Even if you believe that standardized tests are reliable indicators of performance and that the CCRPI is the best measure of effectiveness, one still has to question why the state needs yet another method to control local schools. The state Department of Education already possesses the power to force change on underperforming schools. So if the state already has a lever to effect change in these schools from a constitutionally empowered agency, why does another branch of government seek to override the DoE? And why would a governor want to wrest control from local boards of education and communities?
It’s a motivation as old as humankind: power, control and money. The governor’s office through the OSD superintendent will have the power to take over schools, facilities and resources and will have the ability to redirect those resources to for-profit corporations to operate the schools as charters without all of the overhead and capital costs that the local board must fund. A superintendent appointed by the governor and managing up to 100 schools from an office in Atlanta cannot be expected to do any better in turning these schools around than the experienced educators who are on-site and working with teams from the district and school to analyze the issues and determine strategic interventions.
That’s especially true if nothing is done to address community issues that leave children and families without the resources to make education a priority. And, contrary to the narrative from OSD proponents, a close examination of the CCRPI data from 2012 to 2014 shows that the OSD-eligible schools as a group showed greater student growth during that three-year period than their "high achieving" counterparts and greater growth than many of the other schools within the state. OSD-eligible schools are almost entirely composed of poor, minority students: More than 90 percent participate in the free and reduced-price lunch program, and 95 percent are either black or Hispanic. In contrast, the high-achieving schools have fewer than a third of students on free and reduced lunch and only about 25 percent of the students are black or Hispanic. As I say to audiences across our state, schools that many label as low achieving reflect the economic and resource challenges of their communities. Furthermore, there is ample evidence that educators in these schools are helping students make significant progress, although they still have far to go. Rather than punish the educators doing the hard work in difficult-to-teach circumstances, our state should do all it can to boost these communities.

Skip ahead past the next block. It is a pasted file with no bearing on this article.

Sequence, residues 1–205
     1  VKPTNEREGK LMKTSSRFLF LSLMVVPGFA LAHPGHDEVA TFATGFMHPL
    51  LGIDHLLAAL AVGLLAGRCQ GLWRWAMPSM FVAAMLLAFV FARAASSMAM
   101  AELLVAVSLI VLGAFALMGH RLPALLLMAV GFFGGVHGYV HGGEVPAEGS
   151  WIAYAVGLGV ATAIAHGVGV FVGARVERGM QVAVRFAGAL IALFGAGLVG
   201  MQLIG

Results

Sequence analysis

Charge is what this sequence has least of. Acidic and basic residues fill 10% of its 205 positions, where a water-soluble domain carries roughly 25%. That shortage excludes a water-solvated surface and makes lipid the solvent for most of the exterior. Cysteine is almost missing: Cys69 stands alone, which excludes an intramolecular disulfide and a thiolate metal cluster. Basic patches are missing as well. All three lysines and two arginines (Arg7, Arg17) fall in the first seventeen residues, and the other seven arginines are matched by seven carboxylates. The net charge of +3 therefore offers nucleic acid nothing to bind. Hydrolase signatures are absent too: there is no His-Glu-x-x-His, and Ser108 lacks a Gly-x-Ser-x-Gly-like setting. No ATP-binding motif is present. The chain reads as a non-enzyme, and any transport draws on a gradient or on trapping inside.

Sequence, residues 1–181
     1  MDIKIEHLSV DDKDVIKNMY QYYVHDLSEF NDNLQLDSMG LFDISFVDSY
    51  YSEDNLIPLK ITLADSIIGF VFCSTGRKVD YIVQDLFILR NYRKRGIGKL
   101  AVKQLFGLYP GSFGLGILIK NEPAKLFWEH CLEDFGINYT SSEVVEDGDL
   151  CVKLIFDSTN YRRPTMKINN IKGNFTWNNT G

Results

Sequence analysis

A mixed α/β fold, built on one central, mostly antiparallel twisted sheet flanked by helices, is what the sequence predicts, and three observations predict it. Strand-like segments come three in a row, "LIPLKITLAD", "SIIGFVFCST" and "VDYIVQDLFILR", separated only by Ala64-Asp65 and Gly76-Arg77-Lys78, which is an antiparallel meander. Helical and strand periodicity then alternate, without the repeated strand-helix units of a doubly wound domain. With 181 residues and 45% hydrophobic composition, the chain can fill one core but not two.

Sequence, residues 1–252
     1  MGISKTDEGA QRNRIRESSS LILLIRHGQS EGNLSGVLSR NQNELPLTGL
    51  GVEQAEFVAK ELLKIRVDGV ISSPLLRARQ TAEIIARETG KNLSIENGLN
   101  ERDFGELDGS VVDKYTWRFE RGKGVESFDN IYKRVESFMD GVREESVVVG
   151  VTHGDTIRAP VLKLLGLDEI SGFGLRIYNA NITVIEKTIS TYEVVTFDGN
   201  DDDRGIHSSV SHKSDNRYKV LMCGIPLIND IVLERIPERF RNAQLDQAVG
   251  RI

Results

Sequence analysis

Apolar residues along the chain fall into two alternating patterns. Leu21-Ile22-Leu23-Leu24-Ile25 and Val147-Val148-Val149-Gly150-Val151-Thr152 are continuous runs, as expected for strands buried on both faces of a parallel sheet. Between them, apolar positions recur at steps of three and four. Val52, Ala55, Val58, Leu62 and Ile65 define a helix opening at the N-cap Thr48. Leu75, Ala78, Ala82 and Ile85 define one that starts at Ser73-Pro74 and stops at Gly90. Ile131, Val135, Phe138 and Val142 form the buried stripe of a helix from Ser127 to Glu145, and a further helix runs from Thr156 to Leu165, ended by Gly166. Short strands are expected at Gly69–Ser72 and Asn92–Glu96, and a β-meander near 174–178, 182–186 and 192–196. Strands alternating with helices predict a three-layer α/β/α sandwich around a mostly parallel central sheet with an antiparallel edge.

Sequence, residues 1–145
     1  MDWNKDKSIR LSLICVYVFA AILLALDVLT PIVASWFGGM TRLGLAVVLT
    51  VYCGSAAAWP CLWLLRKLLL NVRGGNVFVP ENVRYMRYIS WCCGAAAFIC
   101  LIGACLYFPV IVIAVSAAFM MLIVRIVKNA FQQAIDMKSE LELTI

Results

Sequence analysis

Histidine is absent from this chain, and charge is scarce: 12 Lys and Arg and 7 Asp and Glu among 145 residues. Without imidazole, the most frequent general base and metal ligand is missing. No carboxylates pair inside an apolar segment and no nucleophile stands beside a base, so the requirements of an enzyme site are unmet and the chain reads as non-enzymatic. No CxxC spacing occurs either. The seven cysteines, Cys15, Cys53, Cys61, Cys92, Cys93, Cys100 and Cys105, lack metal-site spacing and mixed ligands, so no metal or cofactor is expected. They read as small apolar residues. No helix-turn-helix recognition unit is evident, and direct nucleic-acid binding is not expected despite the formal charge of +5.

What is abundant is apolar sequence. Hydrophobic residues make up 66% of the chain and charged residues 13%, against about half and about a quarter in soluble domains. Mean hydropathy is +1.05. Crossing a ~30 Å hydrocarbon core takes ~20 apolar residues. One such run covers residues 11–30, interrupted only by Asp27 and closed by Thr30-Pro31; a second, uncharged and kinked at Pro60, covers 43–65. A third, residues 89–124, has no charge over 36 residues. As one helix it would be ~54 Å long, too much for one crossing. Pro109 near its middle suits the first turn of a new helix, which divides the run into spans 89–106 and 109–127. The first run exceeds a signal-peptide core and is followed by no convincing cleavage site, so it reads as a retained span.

The idea of an Opportunity School District only makes sense when viewed from the "opportunities" it provides those who will benefit from wresting power and resources from local communities. It certainly makes no sense for children, communities, educators or local boards of education.
Vote no on OSD in November.
Magill is executive director of the Professional Association of Georgia Educators (PAGE), a 91,000-member independent educator association.